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Research and Resources

Summary of Research on Benefits of Multi-age Classrooms

Professor Barbara Pavan reviewed 64 research studies on nongraded (multi-age) schools. Pavan found that 58% of those students in multi-age classes performed better than their peers on measures of academic achievement. 33% performed as well as their peers, and only 9% did worse than their peers.

Pavan also found that students in multi-age settings were more likely than their peers to have positive self-concepts, high self-esteem, and good attitudes toward school. Her review of the research also indicates that benefits to students increase the longer they are in a nongraded setting, and that "underachieving" students also benefit from being in multi-age classrooms. (This research summary can be found in the October 1992 issue of Educational Leadership, pp. 22-24.)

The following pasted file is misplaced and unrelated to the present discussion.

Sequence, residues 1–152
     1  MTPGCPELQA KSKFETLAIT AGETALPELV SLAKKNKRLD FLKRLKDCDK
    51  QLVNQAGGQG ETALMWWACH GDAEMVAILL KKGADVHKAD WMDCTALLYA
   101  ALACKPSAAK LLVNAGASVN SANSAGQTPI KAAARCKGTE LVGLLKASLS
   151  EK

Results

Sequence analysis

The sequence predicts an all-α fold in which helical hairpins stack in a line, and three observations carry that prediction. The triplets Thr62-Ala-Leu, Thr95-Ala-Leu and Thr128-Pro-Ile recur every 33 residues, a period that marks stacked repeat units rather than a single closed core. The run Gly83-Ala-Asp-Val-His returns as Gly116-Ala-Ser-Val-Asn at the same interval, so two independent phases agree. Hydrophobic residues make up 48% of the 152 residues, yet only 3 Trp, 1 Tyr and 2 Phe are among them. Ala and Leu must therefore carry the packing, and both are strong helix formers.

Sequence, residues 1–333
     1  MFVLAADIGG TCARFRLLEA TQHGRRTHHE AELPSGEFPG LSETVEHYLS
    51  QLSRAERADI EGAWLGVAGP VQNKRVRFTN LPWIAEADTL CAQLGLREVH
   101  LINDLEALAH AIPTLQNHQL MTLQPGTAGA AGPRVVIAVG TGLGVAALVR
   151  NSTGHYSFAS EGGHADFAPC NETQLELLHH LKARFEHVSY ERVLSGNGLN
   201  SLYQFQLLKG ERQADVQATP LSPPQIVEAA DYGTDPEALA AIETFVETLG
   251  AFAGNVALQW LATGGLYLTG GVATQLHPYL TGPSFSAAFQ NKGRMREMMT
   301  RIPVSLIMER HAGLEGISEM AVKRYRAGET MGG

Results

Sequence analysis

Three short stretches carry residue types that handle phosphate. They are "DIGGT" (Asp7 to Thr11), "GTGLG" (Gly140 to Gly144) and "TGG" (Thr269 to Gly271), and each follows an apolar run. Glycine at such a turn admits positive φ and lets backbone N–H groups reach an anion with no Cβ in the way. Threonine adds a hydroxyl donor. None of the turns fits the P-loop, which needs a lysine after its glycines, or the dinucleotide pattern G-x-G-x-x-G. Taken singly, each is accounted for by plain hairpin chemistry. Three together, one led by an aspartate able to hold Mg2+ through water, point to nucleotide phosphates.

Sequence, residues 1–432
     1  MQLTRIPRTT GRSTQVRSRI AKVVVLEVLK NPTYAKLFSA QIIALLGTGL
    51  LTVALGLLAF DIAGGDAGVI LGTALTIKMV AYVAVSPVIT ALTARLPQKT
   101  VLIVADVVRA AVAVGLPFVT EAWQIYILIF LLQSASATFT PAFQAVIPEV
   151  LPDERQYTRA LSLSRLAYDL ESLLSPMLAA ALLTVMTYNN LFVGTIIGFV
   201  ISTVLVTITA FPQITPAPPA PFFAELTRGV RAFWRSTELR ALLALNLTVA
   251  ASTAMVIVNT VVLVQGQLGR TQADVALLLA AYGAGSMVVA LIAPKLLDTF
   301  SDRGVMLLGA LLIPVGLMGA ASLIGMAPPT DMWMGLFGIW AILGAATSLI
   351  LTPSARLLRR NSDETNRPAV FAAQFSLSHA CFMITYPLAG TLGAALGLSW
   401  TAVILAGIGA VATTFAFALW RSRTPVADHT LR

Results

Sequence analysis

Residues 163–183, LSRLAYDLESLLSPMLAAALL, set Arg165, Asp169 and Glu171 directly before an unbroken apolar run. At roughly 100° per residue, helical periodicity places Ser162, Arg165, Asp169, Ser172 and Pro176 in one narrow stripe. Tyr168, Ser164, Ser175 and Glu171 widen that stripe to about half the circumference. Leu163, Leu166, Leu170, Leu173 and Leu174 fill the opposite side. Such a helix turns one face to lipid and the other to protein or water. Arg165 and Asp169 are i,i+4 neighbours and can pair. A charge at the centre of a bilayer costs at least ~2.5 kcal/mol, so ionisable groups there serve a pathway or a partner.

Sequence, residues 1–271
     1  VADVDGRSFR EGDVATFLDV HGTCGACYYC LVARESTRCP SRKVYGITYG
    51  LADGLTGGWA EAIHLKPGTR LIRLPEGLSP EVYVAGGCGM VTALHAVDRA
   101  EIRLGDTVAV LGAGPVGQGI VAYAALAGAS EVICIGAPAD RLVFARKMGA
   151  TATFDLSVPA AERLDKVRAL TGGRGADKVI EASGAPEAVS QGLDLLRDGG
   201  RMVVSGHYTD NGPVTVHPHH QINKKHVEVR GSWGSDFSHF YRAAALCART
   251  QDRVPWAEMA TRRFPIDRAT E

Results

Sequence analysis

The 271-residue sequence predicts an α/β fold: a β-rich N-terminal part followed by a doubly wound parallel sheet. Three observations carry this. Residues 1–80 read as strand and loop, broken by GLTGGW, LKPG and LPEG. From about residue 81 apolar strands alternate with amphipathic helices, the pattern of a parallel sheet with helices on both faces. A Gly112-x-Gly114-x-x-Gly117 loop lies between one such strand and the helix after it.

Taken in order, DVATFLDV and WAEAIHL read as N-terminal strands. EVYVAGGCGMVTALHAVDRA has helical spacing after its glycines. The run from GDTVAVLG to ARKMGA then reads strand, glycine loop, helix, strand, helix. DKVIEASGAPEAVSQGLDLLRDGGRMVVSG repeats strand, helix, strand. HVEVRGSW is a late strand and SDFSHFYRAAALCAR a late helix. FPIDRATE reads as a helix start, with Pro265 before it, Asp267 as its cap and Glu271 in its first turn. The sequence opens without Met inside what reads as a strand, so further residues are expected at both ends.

Parents are often concerned that older children in a multi-age setting will not benefit as much as younger children. Research shows, however, that when older students teach information and skills to their younger classmates, their academic performance, and even IQ scores, dramatically improve. The research of Arthur Whimbey (in his program T.A.P.S: Talking About Problem Solving) showed that when students were routinely given the opportunity to teach someone else, their scores on IQ assessments improved as much as eighteen points.

In another study done in the 1960s, underachieving high school students who acted as reading tutors for younger students, improved their reading scores by an equivalent of two years, in just six months' time. (From the Nov. 1994 edition of Educational Leadership, p. 58.)

Educational research indicates that students benefit both academically and emotionally from being placed in multi-age classrooms.

copyright © 2004 by   Russell Yates

Below are websites that discuss the theory behind Multi-age and information for parents.

Building Support for Multi-age Education

Mixed-Age Grouping: What the Research Says, and How Can Parents Use This Information

Critical Issue: Enhancing Learning through Multi-age Grouping

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